Nokia breaks its new mould to capitalize on enterprise sales opportunity
- Nokia has set up independent business groups to deal with needs of telcos and other large network operators
- But enterprises buy in a different way and at a different pace
- So Nokia has created a dedicated sales team to address the enterprise market opportunity
- Aiming to capitalize on its strong position in private wireless networks
Encouraged by its success in the private wireless networks market, Nokia has spied an opportunity to help grow its overall business in the coming years by selling more of its gear to enterprise customers and will break its new strategic model of standalone, independent business groups to ensure it doesn’t miss out on an important new business opportunity.
While Nokia now comprises four business groups that are all standalone units with their own R&D, sales and support teams, budgets and financial targets and responsibilities, the vendor is making an exception to that new rule by creating a dedicated enterprise sales team that will work across the full portfolio and sell products from any of the business groups – not just the Mobile Networks business group, but also from Network Infrastructure (fixed broadband, IP, optical) and Cloud and Network Services (virtualized functions, mobile core, analytics systems, business and operations support software).
This sales team, working in a different way to the rest of the company, is needed because enterprise customers move at a different pace and buy their technology in a different way, stated Nokia CEO Pekka Lundmark (pictured above) during the vendor’s Capital Markets Day. He said this sales team will as part of the Cloud and Network Services business group.
In a way, this is a continuation of what Nokia had under its previous structure, which included a unit called Nokia Enterprise that had its own dedicated sales force that sold directly into verticals such as transportation, energy, manufacturing and logistics, and governments. That Enterprise unit was headed up by Raghav Sahgal, who is now President of the Cloud and Network Services business group, so there is continuity in Nokia’s plan.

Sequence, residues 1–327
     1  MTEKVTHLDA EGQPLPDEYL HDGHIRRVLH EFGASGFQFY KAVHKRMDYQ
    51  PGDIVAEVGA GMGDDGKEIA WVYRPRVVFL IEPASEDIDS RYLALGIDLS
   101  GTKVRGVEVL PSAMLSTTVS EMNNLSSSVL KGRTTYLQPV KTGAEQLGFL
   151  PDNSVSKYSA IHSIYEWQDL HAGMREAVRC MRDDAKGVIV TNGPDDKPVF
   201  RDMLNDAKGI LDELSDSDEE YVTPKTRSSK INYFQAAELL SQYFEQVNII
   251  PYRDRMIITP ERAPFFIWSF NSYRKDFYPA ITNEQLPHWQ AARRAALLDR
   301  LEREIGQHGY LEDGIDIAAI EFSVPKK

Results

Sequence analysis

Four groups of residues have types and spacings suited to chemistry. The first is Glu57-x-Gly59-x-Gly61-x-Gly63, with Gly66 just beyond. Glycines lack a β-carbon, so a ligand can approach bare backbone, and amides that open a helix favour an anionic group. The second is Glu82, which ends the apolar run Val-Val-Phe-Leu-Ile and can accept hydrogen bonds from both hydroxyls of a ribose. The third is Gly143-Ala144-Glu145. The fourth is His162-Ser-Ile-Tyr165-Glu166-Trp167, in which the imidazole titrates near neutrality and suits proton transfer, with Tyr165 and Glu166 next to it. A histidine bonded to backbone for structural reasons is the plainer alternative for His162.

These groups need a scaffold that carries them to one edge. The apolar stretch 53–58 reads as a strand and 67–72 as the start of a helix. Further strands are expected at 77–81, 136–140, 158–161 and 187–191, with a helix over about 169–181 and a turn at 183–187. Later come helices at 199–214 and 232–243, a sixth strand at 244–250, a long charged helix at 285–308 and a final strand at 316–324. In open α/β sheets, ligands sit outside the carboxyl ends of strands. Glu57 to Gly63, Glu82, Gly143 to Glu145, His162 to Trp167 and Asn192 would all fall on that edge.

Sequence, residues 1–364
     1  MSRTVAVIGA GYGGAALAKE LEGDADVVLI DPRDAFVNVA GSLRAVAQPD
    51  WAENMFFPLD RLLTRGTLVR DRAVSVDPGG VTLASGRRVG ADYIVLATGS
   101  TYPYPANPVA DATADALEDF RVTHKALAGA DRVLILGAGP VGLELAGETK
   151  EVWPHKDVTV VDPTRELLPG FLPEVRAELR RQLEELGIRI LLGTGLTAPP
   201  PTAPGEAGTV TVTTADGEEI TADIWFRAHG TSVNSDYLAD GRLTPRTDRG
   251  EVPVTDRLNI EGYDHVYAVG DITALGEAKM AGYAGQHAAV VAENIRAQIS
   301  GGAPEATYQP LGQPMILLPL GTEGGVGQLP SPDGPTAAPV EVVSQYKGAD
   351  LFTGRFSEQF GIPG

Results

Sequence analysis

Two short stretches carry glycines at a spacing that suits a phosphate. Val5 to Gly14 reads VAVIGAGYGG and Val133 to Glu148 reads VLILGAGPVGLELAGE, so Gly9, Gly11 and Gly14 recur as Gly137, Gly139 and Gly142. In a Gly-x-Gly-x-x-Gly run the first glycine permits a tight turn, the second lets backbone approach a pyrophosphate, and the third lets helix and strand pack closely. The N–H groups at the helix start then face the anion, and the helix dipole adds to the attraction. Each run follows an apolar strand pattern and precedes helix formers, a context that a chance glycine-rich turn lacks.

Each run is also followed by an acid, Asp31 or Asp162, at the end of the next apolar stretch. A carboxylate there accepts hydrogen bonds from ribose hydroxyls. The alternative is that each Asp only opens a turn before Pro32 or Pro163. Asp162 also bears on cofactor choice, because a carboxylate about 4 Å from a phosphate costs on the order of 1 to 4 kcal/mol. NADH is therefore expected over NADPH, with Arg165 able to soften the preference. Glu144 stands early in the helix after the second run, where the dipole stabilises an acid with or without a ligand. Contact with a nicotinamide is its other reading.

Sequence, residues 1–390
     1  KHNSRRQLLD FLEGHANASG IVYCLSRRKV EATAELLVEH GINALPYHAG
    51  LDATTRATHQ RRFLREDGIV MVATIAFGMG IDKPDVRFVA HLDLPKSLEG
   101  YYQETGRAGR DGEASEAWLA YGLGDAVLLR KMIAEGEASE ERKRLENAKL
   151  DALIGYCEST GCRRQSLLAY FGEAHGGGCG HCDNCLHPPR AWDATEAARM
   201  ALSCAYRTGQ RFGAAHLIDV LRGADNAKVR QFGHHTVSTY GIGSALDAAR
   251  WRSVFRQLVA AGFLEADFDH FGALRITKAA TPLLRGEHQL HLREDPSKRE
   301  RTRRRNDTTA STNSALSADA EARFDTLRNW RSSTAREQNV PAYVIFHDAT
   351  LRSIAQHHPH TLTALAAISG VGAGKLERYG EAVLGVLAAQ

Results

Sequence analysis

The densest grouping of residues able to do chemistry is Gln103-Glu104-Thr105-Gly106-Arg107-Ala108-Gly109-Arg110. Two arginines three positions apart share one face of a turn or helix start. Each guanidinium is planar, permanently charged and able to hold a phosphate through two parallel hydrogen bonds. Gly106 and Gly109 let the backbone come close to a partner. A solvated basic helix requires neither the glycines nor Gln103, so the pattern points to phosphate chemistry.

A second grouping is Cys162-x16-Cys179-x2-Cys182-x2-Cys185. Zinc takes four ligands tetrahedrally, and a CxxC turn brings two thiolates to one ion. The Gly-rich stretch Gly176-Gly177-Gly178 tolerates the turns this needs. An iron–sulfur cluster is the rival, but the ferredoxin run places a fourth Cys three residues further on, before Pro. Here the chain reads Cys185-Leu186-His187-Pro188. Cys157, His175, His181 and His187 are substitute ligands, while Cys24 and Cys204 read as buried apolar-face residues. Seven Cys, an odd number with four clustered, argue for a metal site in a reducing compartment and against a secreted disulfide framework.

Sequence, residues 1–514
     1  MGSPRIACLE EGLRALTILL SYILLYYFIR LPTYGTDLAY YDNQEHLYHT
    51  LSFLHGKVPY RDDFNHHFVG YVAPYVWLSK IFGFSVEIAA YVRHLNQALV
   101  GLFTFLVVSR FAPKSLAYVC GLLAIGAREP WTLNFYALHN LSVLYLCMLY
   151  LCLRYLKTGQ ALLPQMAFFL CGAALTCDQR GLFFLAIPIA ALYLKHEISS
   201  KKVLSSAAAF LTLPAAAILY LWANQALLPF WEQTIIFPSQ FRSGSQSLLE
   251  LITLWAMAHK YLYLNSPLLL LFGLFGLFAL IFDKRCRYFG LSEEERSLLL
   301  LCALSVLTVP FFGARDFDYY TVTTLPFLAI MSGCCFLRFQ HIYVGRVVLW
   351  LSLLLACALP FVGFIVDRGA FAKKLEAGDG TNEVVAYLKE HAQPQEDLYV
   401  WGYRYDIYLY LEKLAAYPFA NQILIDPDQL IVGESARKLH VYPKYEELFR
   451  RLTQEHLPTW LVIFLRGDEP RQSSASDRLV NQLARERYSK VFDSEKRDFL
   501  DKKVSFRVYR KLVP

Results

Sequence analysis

And in Nokia’s new growth strategy, enterprise opportunities play a key role. The vendor sees a number of key trends impacting the comms networking industry in the coming years, including how “connected digital enterprise will drive massive productivity, efficiency and safety gains across industries. A result of this will be significant growth in the Enterprise market,” the vendor noted in this announcement. “From 2022 onwards, the company will accelerate competitiveness and aims to grow margins through enhanced technology leadership, digitalization of own operations, automation and capturing emerging opportunities. It then plans to scale up to drive growth in new use cases and business models including in enterprise and private wireless in order to grow faster than the market.”
In 2020, Nokia generated €1.57 billion in revenues (7.2% of total sales) from the enterprise market, up by 11% from 2019, and ended the year with 1,545 enterprise customers.
It is regarded as the leading vendor in the private 4G/5G wireless networks technology sector, ending 2020 with 260 customers in what is a growing market as more spectrum is partitioned off by regulators for enterprise and campus networks. (See Nokia is touting 5G standalone as a feature of its industrial-grade private wireless offer.)
And to capitalize further on the opportunity, Nokia based its radio access network (RAN) relationships with the three giant hyperscalers announced earlier this week around enterprise network opportunities. (See Nokia seals cloud RAN relationships with AWS, Azure, Google Cloud.)
- Ray Le Maistre, Editorial Director, TelecomTV
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